*****

(Interview)

This is an article that was published in 1960 in a British rock and roll-weekly.  It is one of the oldest things I found.

New Musical Express (UK), Friday, May 13, 1960 - CONNIE FRANCIS SAYS POP IS HEALTHY !  by Derek Johnson.

"Encouraging, healthy and gratifying!" 
That's the Connie Francis verdict on today's pop music scene - the picture she paints of current trends in Tin Pan Alley, for she believes that many of the present hit records simply wouldn't have sold a couple of years ago, but since then there's been a distinct broadening of tastes in pop music appreciation.

"People are forever claiming that rock is dead" she told me as we took tea in her London hotel. "But something far more pleasing and significant has happened.  Rock is no longer a novelty - it's been completely accepted.  And in years to come, future generations will regard it as the pop music of our day."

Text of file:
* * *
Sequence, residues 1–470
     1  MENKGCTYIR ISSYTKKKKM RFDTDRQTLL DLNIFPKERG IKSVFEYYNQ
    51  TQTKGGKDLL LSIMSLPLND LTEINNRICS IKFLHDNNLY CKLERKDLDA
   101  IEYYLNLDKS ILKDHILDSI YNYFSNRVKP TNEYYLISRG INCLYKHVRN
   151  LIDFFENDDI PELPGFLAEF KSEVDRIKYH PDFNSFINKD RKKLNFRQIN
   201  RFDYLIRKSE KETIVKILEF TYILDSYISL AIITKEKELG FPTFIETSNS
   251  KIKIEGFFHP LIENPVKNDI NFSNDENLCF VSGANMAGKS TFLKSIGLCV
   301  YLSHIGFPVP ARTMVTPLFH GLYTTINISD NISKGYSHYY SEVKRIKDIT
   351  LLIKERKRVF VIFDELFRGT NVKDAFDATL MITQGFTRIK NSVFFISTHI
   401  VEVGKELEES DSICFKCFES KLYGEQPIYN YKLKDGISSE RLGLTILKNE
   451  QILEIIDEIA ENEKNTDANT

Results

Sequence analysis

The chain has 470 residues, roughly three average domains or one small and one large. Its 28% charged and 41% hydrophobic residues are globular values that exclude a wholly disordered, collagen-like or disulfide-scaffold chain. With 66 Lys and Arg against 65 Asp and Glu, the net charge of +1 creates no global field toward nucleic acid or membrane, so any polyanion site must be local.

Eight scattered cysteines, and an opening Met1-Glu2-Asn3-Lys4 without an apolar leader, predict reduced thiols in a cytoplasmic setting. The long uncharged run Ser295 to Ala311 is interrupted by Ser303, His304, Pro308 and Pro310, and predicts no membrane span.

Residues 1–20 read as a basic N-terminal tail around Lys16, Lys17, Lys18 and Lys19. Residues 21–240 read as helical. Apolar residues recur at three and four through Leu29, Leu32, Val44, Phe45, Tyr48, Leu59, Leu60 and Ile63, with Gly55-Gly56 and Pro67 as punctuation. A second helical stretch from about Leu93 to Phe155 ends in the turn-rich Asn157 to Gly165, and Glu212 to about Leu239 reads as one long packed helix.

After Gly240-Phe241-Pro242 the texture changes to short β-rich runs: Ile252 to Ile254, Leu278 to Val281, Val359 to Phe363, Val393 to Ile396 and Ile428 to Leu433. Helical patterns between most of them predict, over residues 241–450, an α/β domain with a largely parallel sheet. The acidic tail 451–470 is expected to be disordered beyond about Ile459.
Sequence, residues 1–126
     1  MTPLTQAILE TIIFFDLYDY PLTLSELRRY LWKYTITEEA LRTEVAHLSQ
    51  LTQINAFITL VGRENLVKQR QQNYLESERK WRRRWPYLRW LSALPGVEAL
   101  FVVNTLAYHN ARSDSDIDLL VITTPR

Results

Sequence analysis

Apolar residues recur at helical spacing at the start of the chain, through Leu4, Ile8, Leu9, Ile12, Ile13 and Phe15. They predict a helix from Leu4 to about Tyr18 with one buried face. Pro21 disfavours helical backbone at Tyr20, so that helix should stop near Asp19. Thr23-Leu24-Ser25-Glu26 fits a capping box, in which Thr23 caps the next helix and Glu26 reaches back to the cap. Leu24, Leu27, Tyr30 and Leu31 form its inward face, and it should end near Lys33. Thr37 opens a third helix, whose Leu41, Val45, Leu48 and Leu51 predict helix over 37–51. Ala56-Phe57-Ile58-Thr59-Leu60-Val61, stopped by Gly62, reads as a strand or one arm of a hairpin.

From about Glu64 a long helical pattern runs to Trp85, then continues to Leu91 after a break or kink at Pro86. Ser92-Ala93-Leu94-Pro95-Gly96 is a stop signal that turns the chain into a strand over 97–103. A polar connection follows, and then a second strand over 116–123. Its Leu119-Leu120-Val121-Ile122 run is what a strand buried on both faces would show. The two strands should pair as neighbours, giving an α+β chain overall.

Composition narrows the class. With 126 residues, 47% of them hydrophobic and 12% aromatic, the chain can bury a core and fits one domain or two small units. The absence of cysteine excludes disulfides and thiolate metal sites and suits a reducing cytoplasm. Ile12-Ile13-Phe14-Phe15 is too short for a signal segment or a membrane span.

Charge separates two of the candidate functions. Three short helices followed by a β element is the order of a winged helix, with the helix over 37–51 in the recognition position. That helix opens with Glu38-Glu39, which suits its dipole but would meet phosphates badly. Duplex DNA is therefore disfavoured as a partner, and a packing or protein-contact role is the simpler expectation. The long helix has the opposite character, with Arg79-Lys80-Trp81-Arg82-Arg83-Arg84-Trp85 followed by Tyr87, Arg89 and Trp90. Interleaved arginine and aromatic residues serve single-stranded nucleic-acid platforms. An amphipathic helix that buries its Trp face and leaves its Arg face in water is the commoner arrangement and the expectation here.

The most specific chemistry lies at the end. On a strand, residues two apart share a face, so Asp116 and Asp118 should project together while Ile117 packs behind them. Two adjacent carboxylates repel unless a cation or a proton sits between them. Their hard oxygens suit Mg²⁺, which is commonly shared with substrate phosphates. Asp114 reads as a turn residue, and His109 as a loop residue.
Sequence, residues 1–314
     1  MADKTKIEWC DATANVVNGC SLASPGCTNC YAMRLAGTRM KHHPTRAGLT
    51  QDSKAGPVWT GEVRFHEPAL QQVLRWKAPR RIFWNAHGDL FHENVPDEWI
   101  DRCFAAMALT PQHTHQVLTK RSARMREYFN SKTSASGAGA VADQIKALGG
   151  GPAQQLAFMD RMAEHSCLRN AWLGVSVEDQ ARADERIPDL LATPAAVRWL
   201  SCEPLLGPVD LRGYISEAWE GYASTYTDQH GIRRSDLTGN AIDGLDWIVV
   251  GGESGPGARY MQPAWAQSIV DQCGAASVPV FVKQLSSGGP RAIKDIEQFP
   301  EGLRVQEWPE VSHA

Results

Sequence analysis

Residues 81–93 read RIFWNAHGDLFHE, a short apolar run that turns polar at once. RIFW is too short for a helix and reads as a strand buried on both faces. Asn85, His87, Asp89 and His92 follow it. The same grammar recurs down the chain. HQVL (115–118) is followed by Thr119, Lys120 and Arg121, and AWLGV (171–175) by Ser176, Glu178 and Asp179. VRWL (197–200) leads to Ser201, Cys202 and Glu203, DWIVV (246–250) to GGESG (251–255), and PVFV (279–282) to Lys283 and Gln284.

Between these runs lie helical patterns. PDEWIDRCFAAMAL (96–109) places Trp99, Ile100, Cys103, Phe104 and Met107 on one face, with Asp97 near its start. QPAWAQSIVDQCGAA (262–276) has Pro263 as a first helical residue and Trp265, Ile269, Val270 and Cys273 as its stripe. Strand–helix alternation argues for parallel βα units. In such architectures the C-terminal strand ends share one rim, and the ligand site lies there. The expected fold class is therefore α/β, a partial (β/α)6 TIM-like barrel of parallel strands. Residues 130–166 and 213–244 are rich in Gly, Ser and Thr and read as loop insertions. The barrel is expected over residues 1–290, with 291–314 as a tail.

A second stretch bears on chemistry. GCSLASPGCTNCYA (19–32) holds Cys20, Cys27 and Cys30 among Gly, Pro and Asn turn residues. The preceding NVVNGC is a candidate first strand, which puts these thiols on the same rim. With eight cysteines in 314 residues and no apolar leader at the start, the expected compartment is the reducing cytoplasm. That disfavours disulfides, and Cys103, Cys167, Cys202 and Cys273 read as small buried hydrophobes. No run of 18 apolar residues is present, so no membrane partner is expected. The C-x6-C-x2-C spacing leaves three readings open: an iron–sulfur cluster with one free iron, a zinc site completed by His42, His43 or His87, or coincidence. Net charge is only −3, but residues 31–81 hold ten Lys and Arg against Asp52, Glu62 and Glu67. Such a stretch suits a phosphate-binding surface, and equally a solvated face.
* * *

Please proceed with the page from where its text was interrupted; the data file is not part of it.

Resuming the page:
Connie maintains that this infiltration of rock into pop has given the public a much wider scope of enjoyment.  She believes for instance that songs such as "Mack the Knife" and "Green Fields" would never have sold in quantity two years ago because the teenage fans were not then prepared to accept anything other than basic beat.

"I could certainly never have recorded a song like "Mama" in those days, she assured me. "Quite apart from it being a ballad, it happens also to be over four minutes long, and such a thing was unheard of a year or two back"

It's to Connie's credit and advantage that she is always prepared to adapt her output to meet the demand of the times.